Two distinct sequences of blue straggler stars in the globular cluster M 30

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Abstract

Stars in globular clusters are generally believed to have all formed at the same time, early in the Galaxy’s history1. ‘Blue stragglers’ are stars massive enough2 that they should have evolved into white dwarfs long ago. Two possible mechanisms have been proposed for their formation: mass transfer between binary companions3 and stellar mergers resulting from direct collisions between two stars4. Recently the binary explanation was claimed to be dominant5. Here we report that there are two distinct parallel sequences of blue stragglers in M 30. This globular cluster is thought to have undergone ‘core collapse’, during which both the collision rate and the mass transfer activity in binary systems would have been enhanced6. We suggest that the two observed sequences are a consequence of cluster core collapse, with the bluer population arising from direct stellar collisions and the redder one arising from the evolution of close binaries that are probably still experiencing an active phase of mass transfer.

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Figure 1: The two blue straggler sequences of M 30.
Figure 2: The BSS radial distribution.
Figure 3: The star density profile of M 30.
Figure 4: Comparison with collisional and binary-evolution models.

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Acknowledgements

This research was supported by Progetti di Ricerca di Interesse Nazionale 2008, granted by the Istituto Nazionale di Astrofisica. We acknowledge the financial support of the Agenzia Spaziale Italiana and the Ministero dell’Istruzione, dell’Università e della Ricerca. F.R.F., B.L., E.D. and A.S. thank the Formation and Evolution of Globular Clusters programme and the Kavli Institute for Theoretical Physics in Santa Barbara (California, USA) for hospitality during their stay, when the motivations of this project were discussed and the work planned. We acknowledge support from the European Space Research and Technology Centre Faculty Visiting Scientist Programme. R.T.R. is partly supported by a Space Telescope Science Institute grant. This research has made use of the ESO/ST-ECF Science Archive facility, which is a joint collaboration of the European Southern Observatory (ESO) and the Space Telescope European Coordinating Facility (ST-ECF).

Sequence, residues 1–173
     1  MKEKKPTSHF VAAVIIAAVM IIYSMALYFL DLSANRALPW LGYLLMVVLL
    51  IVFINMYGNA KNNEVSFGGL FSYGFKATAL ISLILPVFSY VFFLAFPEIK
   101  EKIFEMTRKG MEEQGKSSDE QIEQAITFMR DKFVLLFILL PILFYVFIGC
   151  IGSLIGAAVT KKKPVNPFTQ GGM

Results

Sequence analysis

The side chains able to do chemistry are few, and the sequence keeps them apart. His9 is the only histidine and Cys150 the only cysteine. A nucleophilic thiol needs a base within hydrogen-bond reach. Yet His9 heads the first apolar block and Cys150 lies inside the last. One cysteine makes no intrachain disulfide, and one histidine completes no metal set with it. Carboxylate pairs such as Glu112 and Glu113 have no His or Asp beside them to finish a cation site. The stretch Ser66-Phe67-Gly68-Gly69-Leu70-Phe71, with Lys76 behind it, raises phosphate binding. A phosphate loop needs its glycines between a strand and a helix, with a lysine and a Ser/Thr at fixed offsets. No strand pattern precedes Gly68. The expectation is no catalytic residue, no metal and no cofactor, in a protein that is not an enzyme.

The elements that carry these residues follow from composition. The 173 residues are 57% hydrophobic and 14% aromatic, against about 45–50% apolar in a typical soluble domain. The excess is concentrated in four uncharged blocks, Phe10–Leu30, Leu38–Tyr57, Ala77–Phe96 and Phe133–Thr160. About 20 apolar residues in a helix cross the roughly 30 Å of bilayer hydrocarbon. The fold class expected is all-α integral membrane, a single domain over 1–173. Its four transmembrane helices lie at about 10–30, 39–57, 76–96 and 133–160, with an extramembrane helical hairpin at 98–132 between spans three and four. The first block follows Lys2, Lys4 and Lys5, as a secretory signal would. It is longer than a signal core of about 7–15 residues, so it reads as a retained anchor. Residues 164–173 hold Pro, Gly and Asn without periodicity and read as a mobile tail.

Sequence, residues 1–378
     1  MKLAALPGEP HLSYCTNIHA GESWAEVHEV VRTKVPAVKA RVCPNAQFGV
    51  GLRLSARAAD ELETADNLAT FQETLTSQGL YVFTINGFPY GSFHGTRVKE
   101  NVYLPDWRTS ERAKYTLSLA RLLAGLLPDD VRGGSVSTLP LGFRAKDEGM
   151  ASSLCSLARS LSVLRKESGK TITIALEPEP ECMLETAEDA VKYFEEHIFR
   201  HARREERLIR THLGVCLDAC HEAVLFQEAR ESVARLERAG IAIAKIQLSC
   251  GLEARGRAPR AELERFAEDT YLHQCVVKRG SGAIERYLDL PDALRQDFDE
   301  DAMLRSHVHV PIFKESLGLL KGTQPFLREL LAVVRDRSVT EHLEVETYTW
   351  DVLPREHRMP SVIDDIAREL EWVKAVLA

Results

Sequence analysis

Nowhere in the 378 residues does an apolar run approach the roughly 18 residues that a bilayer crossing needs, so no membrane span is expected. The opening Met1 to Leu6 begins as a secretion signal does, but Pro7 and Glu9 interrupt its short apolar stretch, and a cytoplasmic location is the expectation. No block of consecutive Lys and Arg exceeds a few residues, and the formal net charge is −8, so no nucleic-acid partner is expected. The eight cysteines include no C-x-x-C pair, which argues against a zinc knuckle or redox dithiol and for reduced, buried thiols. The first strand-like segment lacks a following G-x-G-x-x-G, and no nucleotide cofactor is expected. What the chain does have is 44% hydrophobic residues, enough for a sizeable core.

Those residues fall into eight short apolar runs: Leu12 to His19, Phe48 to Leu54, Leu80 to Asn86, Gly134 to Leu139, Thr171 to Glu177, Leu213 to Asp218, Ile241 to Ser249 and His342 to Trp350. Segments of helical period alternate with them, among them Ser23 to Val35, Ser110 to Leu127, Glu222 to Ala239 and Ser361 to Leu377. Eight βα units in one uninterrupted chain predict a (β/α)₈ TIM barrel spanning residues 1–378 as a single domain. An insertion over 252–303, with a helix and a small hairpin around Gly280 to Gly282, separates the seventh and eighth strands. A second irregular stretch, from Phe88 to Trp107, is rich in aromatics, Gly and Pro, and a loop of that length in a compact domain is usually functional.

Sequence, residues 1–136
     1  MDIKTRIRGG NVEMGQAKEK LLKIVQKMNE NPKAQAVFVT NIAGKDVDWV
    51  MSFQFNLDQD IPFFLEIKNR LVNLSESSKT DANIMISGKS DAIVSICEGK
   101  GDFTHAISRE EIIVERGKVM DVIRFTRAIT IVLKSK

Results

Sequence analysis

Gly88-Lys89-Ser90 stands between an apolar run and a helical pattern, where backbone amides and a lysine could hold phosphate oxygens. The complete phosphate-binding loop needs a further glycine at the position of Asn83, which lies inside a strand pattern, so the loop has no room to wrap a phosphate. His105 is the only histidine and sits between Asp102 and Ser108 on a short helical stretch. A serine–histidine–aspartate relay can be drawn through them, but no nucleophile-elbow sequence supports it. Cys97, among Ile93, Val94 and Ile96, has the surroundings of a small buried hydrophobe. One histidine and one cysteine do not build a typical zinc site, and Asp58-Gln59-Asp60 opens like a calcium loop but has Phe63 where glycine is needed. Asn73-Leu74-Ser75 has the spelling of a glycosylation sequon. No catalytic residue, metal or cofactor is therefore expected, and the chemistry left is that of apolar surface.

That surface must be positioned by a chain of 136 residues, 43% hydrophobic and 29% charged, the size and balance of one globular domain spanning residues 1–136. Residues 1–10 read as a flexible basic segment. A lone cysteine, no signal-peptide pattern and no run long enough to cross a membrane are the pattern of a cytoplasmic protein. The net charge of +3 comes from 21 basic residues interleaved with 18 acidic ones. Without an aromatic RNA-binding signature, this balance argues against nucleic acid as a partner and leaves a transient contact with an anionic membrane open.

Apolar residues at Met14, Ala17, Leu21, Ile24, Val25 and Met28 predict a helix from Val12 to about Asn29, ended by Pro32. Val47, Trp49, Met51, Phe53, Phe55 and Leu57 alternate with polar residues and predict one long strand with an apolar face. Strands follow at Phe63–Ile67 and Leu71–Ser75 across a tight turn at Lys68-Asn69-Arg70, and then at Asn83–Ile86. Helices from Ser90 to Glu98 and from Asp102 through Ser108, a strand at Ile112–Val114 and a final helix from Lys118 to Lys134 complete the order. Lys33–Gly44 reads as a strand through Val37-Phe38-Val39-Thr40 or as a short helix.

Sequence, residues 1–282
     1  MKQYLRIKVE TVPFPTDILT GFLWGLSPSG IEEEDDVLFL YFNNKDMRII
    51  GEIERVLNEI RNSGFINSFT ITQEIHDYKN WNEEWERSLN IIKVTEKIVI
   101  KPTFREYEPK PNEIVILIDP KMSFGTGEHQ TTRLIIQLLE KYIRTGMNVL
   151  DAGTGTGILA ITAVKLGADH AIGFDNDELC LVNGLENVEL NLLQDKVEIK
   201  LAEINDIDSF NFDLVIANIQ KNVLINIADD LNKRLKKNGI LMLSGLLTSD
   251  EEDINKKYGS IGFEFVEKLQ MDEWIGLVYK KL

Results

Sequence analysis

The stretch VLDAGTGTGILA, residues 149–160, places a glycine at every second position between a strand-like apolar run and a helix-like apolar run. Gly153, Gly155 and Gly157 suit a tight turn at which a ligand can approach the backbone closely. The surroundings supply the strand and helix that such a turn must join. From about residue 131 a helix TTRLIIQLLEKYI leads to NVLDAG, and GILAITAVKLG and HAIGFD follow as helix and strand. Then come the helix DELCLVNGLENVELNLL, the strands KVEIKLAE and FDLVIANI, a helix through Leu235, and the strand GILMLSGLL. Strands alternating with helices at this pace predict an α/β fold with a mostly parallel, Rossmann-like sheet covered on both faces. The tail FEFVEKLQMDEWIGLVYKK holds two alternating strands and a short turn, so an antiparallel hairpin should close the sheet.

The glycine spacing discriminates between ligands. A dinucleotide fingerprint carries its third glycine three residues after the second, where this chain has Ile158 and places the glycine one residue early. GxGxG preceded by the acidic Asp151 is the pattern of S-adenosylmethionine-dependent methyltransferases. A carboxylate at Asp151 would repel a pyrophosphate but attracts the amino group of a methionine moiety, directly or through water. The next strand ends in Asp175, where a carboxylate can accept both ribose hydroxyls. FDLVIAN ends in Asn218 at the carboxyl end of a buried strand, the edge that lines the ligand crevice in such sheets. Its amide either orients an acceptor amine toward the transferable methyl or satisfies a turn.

Author Contributions F.R.F. designed and coordinated the study. G.B., E.D. and S.B. analysed the data. A.S. and A.I.K. developed collisional models. B.L. and P.M. computed the surface density profile and performed comparisons with a single-mass King model. F.R.F. and B.L. wrote the paper. F.F.P., A.S. and R.T.R. critically contributed to discussions on, and the presentation of, the paper. All the authors contributed to discussions of the results and commented on the manuscript.

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Correspondence to F. R. Ferraro.

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Ferraro, F., Beccari, G., Dalessandro, E. et al. Two distinct sequences of blue straggler stars in the globular cluster M 30. Nature 462, 1028–1031 (2009) doi:10.1038/nature08607

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